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39 Cards in this Set

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  • Back
What are the 3 classifications of joints?
fibrous, cartilaginous, synovial
What type of joints does the fibrous joints include? cartilaginous joints?
fixed and slightly movable
same
What is located between joints so the cartilage doesn't rub?
synovial fluid
What type of articular cartilage is at joints?
hyaline (long bones)
What is the articular joint capsule continuous with? What does it enclose?
continuous w/ periostea
encloses joint space
Why is there no basement membrane for the synovial membrane?
allows for rapid exchange
What lies on the loose vascular CT of the synovial folds and villi? What do these cells make?
fibroblasts-make collagen
What types of cells does the synovial fluid contain?
monocytes, lymphocytes, macrophages, and some neutrophils
What does the synovial fluid provid?
nutrition, vascular supply and lubrication
What is Hilton's Law?
a joint will be innervated by the same nerves that innervate the attached muscles and overlying skin. In addition to fibers carrying proprioceptive information there are abundant pain fibers int eh joint.
Where is the vascular supply to joints located?
articular capsule and synovial membrane
What is the definition of arthritis?
any inflammatory process in a joint
What happens to the synovium in rheumatoid arthritis?
synovium is stimulated to produce excess fulid and fibrin which accumulates on the synovial surface
What is a pannus?
granulation tissue that grows across the joint
When a joint is immobolized what can happen to the hypertrophic cartilages?
may fuse and undergo ossification to form one 'welded' bone (ankylosis)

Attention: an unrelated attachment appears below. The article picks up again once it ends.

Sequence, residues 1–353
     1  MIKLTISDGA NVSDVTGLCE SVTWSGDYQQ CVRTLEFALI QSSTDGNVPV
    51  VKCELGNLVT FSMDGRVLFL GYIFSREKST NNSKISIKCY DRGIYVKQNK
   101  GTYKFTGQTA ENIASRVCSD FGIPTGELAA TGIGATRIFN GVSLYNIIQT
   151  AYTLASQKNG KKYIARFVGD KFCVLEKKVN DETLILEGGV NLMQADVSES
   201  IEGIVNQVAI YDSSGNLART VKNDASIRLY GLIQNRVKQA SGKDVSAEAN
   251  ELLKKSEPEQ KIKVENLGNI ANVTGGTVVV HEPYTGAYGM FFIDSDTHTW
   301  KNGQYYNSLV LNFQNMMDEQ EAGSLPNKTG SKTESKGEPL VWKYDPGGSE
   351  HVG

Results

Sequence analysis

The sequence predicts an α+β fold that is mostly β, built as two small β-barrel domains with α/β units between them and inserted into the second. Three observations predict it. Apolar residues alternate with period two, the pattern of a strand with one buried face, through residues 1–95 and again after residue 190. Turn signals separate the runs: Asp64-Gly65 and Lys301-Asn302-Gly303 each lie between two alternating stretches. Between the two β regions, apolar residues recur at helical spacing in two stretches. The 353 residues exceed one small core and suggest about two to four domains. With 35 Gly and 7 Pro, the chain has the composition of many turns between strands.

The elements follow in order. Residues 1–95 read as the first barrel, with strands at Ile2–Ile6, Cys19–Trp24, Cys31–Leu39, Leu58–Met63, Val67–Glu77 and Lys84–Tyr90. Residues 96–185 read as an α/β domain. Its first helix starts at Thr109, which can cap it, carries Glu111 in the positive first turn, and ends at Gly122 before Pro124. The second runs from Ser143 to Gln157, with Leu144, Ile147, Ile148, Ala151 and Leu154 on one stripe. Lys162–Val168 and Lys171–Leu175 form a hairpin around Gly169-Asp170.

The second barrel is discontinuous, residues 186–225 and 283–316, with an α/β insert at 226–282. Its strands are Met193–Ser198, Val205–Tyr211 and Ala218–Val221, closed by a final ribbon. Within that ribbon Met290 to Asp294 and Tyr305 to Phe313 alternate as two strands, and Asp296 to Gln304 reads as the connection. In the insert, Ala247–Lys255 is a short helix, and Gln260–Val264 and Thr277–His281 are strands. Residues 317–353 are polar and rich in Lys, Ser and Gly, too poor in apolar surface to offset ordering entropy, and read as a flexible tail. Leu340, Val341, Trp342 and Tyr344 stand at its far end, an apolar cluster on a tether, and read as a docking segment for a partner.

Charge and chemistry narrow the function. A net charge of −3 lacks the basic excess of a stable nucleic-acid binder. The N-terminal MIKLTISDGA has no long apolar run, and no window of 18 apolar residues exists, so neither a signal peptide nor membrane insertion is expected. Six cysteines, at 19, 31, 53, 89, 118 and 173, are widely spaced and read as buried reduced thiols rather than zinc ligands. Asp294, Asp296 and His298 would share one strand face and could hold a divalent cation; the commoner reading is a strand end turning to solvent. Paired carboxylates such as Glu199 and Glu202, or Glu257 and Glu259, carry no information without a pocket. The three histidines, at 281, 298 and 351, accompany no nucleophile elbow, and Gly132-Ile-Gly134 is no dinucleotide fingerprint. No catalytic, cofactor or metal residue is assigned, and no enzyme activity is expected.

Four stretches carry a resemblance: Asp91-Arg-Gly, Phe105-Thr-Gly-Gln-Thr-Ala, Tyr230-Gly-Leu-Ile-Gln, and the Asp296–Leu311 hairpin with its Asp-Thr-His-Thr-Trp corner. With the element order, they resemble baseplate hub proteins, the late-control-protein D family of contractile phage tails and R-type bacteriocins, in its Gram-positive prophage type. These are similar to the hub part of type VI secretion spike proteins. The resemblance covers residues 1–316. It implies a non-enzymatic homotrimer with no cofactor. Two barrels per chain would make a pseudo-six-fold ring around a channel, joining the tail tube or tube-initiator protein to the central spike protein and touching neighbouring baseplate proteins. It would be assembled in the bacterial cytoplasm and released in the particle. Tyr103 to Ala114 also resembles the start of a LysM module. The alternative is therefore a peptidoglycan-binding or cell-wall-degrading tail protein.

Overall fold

What can form when articular cartilage breaks down?
pannus
The spread of inflammation in a growing pannus can lead to what?
destruction of bone leading to bone deformity
What can cause impairment of joint mobility?
hypertrophy and hyperplasia of articular cartilage, producing and irregular surface
Which joints are more likely to be affected in rheumatoid arthritis?
distal joints
What type of disease is rheumatoid arthritis?
autoimmune
What are 2 markers for rheumatoid arthritis?
presence of rheumatoid factor and sero-positive
What is osteoarthritis?
degenerative disease most often caused by excessive wear and tear
What is the first step of osteoarthritis?
destruction of the articular cartilage beginning w/ clefts and splits due to swelling
What happens after destruction of articular cartilage in osteoarthritis?
disruption and collapse of chondrocytes near the surface
What is lost in the superficial layer? What else is worn away?
proteoglycans
articular cartilage-exposing bone
When bony surfaces rub against one another what can happen?
small cysts and irregular outgrowths of bone form
What can cause inflammation in osteoarthritis?
bone and cartilage debris
What is Charcot's joints a complication of?
diabetes mellitus in both type I and II, esp in patients w/ peripheral neuropathy
What other diseases may cause Charcot's joints?
alcoholism, leprosy, syphilis, Charcot-Marie-Tooth Disease
Diabetic neuropathy involves which part of the nervous system? What does it regulate?
ANS
vascular flow in the limbs
What can occur as peripheral neurophathy progresses in the long-standin diabetic?
loss of proprioception
What can occur b/c of loss of proprioception? Why does this happen?
micro-fractures, calcium deposits and anormal bone growth b/c the bones don't adjust to normal forces and changes in position
Where is the most common site of Charcot's joints? Why?
lower extremities, b/c of weight bearing function
When does Charcot's joints present?
usually 10 years after being diabectic
What are the three stages of Charcot's joints?
fragmentation or destruction
coalescence
consolidation/reconstruction
Which stage of Charcot's joints can be confused w/ osteoarthritis or infection?
fragmentation or destruction
During which stage does the acute destructive process slow? What else happens in this stage?
coalescence
fractures partially heal, swelling reduced
What happens during the consolidation or reconstruction phase of Charcot's joints?
healing, but joints are often deformed
What are the treatments for Charcot's joints?
get heat and swelling under control
support/stabilize affected foot to minimize deformity
minimize weight-bearing